In Uttarakhand youth sell booze to beat unemployment

Dehra Dun : ‘Fifteen men on the dead man’s chest, Yo-ho-ho and a bottle of rum; Drink for the devil or drink for the rest, Yo-ho-ho and a bottle of rum’.

These lines from Robert Louis Stevenson’s “Treasure Island” seem to have become the swan song of a number of unemployed youth not only in the Doon Valley but the entire state of Uttarakhand as they roam the villages lying in the outskirts of the cities on their bikes peddling liquor, both country made and Indian Made Foreign Liquor (IMFL).

While they are not making hooch (liquor distilled clandestinely in the rural hinterlands) and selling it, they stick to selling the liquor that they either purchase from the ‘thekas’ (licensed country liquor stalls) or from licensed IMFL shops. Sometimes the liquor is procured from people who smuggle in the liquor to Uttarakhand from adjoining states, where it is cheaper.

Ramesh (name changed) is a young man in his twenties. He peddles his liquor in the villages that lie off the main Chakrata Road in Dehra Dun, where there are no liquor shops of either country liquor or IMFL. He goes around his task every evening starting at four, on a motorbike with the liquor adequately concealed. He has his regular customers and he has to make his customary halts.

He charges a few extra bucks which make his profit and the work is over in about two hours, by which times he finishes the round of the villages where his regular clients live. Both Ramesh and the villagers are satisfied, as he has made his money for the day and the villagers have got their day’s supply without having to move out of their houses.

Without mincing words Ramesh says that he is no college drop-out nor a criminal. “I have graduated from College and have searched high and low fro a job. Hoping that statehood would bring fresh avenues of jobs and the people from the rural areas and hinterlands would get benefit, I kept applying but to no avail”, he laments.

On the contrary, he feels that his chances of getting a job were far higher when the region was a part of Uttar Pradesh (which was carved out to become Uttarakhand) than it is now. There was corruption at that time also, but now it has reached an all time high and it is not only those with connection who get away with the jobs, but huge sums of money also exchange hands, with no one bothering to take stock of the problem, he alleges.

Asserting that a number of unemployed educated youth like him peddling liquor on their mobikes, he makes it clear that it is no hooch that they sell.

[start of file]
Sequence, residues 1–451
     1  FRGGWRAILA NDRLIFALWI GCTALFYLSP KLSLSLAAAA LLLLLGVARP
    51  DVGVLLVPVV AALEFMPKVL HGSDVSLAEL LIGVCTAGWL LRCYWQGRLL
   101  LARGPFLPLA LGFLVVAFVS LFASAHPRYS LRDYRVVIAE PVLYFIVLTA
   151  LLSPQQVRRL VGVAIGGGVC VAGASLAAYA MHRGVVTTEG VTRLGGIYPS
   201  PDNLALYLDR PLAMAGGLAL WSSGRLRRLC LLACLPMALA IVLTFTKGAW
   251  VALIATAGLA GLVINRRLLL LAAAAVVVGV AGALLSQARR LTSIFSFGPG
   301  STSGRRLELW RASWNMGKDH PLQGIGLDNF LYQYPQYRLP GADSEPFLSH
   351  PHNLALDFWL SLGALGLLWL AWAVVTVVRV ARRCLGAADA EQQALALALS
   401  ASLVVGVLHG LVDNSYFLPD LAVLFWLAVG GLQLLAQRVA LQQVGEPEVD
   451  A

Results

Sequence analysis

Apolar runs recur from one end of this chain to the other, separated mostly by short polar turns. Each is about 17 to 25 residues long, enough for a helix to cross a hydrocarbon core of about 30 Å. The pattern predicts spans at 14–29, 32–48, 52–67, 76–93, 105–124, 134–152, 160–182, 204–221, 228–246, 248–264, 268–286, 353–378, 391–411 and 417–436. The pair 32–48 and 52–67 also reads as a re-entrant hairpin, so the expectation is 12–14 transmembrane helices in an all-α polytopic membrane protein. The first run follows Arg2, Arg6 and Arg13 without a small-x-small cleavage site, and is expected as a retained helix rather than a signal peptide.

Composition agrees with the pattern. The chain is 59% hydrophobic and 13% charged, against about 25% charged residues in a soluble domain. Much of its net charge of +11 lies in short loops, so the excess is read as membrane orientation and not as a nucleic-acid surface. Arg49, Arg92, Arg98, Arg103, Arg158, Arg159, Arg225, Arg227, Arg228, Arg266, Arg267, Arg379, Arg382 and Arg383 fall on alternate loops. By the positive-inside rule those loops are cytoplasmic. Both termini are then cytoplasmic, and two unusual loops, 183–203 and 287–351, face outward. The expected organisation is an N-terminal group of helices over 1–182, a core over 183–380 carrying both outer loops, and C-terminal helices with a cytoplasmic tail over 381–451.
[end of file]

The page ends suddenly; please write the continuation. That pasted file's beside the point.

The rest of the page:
“We do not sell clandestinely made liquor that the villagers ell, for it could mean peddling death. We sell material that is from licensed distilleries and there is no foul play. We take a profit, which the people we are selling to are aware of and are willing to pay us”, he claims.

Asked how many unemployed youth like him could be out selling liquor in the hinterlands of this small hill state, he says that their number could well be in hundreds if not in thousands. In the higher reaches of the state there are more people in the profession, as there are fewer liquor shops and even fewer number of cops, whereas the number of alcohol addicts is very high.

On the dear of getting caught, Ramesh feels that he is peddling the liquor in a safe region as there are no police stations or police chowkis, nor are there any road barriers where the vehicles are checked and as such he moves about freely. Moreover he now has a fixed clientele, who do not sneak upon him to the cops as they too are saved the bother and money of making a trip to the city to buy their daily supply.

A resident of one of Bhagwanpur that lies about seven kms off the main road admitted that he buys his liquor from the youth who come with it on their mobikes. “The motor cycle is their trade mark, so if some day the person from whom you buy your stuff does not come for one reason or the other, you can take it from another youth going by on a motor cycle. It is a well known secret”, he admits.

He says that there is no illicit distillation of hooch in the village, as one fears that drinking it could be dangerous. As there are no takers of hooch, there is no one making it on the sly and also there is the fear of excise personnel raiding the villages. “The present set up seems to be safe and congenial to both, which is why it is going on without any problems”, he confided.

A journalist with over 40 years of experience, Jagdish Bhatt was Editor, Hill Post (Uttarakhand). Jagdish had worked with India's leading English dailies, which include Times of India, Indian Express, Pioneer and several other reputed publications. A highly acclaimed journalist, he was a recipient of many awards Jagdish Bhatt, aged 72, breathed his last on 28th August 2021 at his Dehradun residence.

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1 Comment

  1. says: Lt Gen Dr Mohan Bhandari

    The higher reaches you go to – fewer liquor shops – even fewer cops with a very high density of alcohol addicts – all this – so wonderfully & realistically defined by you ! This sums up the tragedies of Uttarakhand !!

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